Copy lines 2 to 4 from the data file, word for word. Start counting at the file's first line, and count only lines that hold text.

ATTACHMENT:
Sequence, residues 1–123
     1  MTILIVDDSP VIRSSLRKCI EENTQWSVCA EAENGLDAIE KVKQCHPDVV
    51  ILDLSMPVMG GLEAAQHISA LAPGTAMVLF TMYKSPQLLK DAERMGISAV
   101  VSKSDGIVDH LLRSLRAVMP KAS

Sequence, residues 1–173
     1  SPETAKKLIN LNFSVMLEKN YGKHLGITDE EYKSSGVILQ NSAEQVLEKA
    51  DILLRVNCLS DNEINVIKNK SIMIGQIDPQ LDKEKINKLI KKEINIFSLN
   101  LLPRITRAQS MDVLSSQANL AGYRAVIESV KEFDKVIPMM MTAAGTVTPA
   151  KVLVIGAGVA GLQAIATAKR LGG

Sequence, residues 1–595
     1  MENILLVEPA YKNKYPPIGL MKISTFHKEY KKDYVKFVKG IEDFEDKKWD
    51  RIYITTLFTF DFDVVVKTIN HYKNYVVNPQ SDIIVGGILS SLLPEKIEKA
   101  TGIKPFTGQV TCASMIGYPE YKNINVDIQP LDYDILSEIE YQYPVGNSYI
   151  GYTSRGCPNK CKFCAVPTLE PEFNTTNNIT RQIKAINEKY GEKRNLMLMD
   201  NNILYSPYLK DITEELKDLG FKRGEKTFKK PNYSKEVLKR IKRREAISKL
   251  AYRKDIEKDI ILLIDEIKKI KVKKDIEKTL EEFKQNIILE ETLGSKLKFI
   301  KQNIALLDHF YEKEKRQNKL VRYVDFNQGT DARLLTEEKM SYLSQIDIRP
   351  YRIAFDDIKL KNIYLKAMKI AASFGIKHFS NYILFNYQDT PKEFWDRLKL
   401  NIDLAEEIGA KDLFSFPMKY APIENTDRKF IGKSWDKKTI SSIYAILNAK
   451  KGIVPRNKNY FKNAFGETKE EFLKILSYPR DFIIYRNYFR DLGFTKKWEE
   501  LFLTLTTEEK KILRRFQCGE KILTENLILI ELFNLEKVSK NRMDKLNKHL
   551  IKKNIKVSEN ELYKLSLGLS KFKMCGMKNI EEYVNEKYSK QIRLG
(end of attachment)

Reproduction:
     1  MTILIVDDSP VIRSSLRKCI EENTQWSVCA EAENGLDAIE KVKQCHPDVV
    51  ILDLSMPVMG GLEAAQHISA LAPGTAMVLF TMYKSPQLLK DAERMGISAV
   101  VSKSDGIVDH LLRSLRAVMP KAS